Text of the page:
Tenofovir 300 mg + Emtricitabine 200 mg + Efavirenz 600 mg
Each film-coated tablet contains:Emtricitabine….200 mg
Efavirenz IP…..600 mg
Tenofovir Disoproxil Fumarate 300 mg equivalent to Tenofovir
Disoproxil…..245 mg


For the treatment of HIV-1 infection in adults.

Dosage and Administration:

One tablet to be taken orally once daily with or without food. This product should not be prescribed for patients with reduced renal function (creatinine clearance less than < 50 ml/min).


Hypersensitivity to any of the components of the product and concurrently with astemizole, cisapride, midazolam, triazolam, or ergot derivatives and voriconazole.

Adverse Reactions:

Headache, nausea, diarrhea, vomiting, nervous system symptoms, psychiatric symptoms and rash. Less common side effects are hepatotoxicity, lactic acidosis, abdominal pain, anorexia and flatulence. Other side effects reported are allergic reactions, asthenia, abnormal coordination, ataxia, convulsions, hypoesthesia, paraesthesia, neuropathy, tremor, gynaecomastia, constipation, malabsorption, flushing, palpitations, hepatic enzyme increase, hepatic failure, hypercholesterolaemia, hypertriglyceridaemia, arthralgia, myalgia, myopathy, aggressive reactions, agitation, delusions, emotional lability, mania, neurosis, paranoia, psychosis, suicide, dyspnoea, erythema multiforme, nail disorders, skin discoloration, Stevens-Johnson Syndrome, abnormal vision, tinnitus. Higher tenofovir concentrations could potentiate tenofovir DF-associated adverse events, including renal disorders.

Warnings & Precautions:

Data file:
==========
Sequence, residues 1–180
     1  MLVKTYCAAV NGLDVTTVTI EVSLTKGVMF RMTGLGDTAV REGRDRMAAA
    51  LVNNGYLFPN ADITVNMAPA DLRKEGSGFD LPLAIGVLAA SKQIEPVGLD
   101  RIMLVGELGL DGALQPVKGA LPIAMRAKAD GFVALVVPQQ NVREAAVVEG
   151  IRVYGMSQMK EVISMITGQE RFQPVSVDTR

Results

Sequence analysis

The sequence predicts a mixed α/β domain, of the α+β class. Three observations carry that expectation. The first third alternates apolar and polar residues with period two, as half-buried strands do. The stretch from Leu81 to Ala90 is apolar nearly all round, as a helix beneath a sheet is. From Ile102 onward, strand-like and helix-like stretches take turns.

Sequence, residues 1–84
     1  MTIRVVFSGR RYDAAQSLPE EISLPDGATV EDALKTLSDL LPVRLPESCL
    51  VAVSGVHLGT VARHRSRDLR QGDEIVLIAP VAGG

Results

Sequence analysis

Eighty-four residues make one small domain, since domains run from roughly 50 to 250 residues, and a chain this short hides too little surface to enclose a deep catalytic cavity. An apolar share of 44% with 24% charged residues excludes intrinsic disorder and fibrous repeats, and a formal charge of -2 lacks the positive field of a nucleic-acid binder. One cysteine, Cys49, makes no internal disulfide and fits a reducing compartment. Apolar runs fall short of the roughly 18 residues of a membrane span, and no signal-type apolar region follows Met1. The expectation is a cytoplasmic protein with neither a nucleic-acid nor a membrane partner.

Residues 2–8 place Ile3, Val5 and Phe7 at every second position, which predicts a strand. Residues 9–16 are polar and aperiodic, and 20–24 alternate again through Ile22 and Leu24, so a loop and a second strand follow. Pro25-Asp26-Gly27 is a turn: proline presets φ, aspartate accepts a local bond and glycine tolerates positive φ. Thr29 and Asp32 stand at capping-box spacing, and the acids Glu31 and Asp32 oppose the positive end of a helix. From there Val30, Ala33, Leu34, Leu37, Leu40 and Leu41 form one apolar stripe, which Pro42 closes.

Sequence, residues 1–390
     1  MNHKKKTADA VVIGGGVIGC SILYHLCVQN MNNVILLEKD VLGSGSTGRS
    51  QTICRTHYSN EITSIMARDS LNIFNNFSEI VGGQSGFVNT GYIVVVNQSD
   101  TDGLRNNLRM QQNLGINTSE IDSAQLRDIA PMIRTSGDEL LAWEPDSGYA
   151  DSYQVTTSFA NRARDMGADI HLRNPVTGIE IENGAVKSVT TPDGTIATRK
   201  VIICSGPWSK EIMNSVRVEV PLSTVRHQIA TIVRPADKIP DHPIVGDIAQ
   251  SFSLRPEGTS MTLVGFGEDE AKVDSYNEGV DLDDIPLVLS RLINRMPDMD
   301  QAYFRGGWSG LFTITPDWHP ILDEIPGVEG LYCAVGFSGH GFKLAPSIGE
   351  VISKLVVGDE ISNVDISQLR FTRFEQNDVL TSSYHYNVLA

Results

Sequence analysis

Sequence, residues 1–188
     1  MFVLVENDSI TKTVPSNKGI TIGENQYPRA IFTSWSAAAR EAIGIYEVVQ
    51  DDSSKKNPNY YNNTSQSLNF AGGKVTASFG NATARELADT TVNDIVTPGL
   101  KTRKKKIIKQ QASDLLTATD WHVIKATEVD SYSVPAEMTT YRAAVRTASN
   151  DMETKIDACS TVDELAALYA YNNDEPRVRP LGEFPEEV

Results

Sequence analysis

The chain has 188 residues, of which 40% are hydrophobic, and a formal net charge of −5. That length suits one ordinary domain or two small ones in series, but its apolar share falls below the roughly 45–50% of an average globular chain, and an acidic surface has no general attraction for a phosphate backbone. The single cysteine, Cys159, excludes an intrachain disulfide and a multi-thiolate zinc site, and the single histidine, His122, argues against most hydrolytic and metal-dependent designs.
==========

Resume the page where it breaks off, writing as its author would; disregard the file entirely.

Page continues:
Redistribution/accumulation of body fat, including central obesity and dorsocervical fat enlargement (buffalo hump), peripheral wasting, facial wasting, breast enlargement, and "cushingoid appearance," have been observed in patients receiving antiretroviral therapy. Lactic acidosis and severe hepatomegaly with steatosis, including fatal cases, have been reported with the use of nucleoside analogues alone or in combination, including emtricitabine and tenofovir. Immune reconstitution syndrome has been reported in patients treated with combination antiretroviral therapy. Careful monitoring for signs of toxicity, such as deterioration of renal function, and for changes in viral load is required in patients with pre-existing renal impairment once Emtricitabine and tenofovir has been started at prolonged dosing intervals. Renal events, which may include hypophosphataemia, have been reported with the use of tenofovir disoproxil fumarate. Use of this product should be avoided with concurrent or recent use of a nephrotoxic medicinal product. If bone abnormalities are suspected then appropriate consultation should be obtained. Exacerbations of hepatitis have been reported in patients after the discontinuation of emtricitabine or tenofovir disoproxil fumarate. The safety and efficacy of emtricitabine or tenofovir disoproxil fumarate have not been established in patients with significant underlying liver disorders. Serious psychiatric adverse experiences have been reported in patients treated with efavirenz. These include severe depression, suicidal ideation/attempts, aggressive behaviour, paranoid reactions and manic reactions. Patients with serious psychiatric adverse experiences should seek immediate medical evaluation to assess the possibility that the symptoms may be related to the use of efavirenz, and if so, to determine whether the risk of continued therapy outweighs the benefits. Efavirenz must be discontinued in patients developing severe rash associated with blistering, desquamation, mucosal involvement or fever. Appropriate antihistamines and/or corticosteroids may improve the tolerability and hasten the resolution of rash. Nervous system symptoms with efavirenz usually begin during the first one or two days of therapy and generally resolve after the first 2-4 weeks. Dosing at bedtime seems to improve the tolerability of these symptoms. Patients who experience central nervous system symptoms should avoid potentially hazardous tasks such as driving or operating machinery. Convulsions have been observed infrequently in patients receiving efavirenz, generally in the presence of known medical history of seizures. In patients with persistent elevations of serum transaminases to greater than 5 times the upper limit of normal range, the benefit of continued therapy with efavirenz needs to be weighed against the unknown risks of significant liver toxicity. Monitoring of cholesterol and triglycerides should be considered in patients treated with efavirenz.